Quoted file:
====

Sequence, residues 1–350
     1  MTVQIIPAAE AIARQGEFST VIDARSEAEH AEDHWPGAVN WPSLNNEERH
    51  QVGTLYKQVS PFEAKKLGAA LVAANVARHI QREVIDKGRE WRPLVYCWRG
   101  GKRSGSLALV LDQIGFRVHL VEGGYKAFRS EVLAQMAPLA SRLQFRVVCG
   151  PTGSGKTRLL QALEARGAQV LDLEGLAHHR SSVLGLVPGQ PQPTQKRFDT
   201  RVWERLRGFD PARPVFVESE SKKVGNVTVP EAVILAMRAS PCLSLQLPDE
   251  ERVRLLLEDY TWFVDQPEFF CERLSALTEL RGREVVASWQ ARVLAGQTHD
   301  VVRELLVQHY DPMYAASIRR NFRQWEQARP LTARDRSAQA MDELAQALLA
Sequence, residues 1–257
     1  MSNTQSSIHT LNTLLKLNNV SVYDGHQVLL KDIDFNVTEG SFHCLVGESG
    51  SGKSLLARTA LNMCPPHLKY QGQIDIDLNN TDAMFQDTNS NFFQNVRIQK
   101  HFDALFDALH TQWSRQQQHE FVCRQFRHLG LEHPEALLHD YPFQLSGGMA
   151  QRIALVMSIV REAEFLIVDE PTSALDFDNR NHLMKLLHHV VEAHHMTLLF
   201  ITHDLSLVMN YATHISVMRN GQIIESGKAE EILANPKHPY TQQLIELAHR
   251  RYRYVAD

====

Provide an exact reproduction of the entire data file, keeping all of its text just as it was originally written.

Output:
Sequence, residues 1–350
     1  MTVQIIPAAE AIARQGEFST VIDARSEAEH AEDHWPGAVN WPSLNNEERH
    51  QVGTLYKQVS PFEAKKLGAA LVAANVARHI QREVIDKGRE WRPLVYCWRG
   101  GKRSGSLALV LDQIGFRVHL VEGGYKAFRS EVLAQMAPLA SRLQFRVVCG
   151  PTGSGKTRLL QALEARGAQV LDLEGLAHHR SSVLGLVPGQ PQPTQKRFDT
   201  RVWERLRGFD PARPVFVESE SKKVGNVTVP EAVILAMRAS PCLSLQLPDE
   251  ERVRLLLEDY TWFVDQPEFF CERLSALTEL RGREVVASWQ ARVLAGQTHD
   301  VVRELLVQHY DPMYAASIRR NFRQWEQARP LTARDRSAQA MDELAQALLA
Sequence, residues 1–257
     1  MSNTQSSIHT LNTLLKLNNV SVYDGHQVLL KDIDFNVTEG SFHCLVGESG
    51  SGKSLLARTA LNMCPPHLKY QGQIDIDLNN TDAMFQDTNS NFFQNVRIQK
   101  HFDALFDALH TQWSRQQQHE FVCRQFRHLG LEHPEALLHD YPFQLSGGMA
   151  QRIALVMSIV REAEFLIVDE PTSALDFDNR NHLMKLLHHV VEAHHMTLLF
   201  ITHDLSLVMN YATHISVMRN GQIIESGKAE EILANPKHPY TQQLIELAHR
   251  RYRYVAD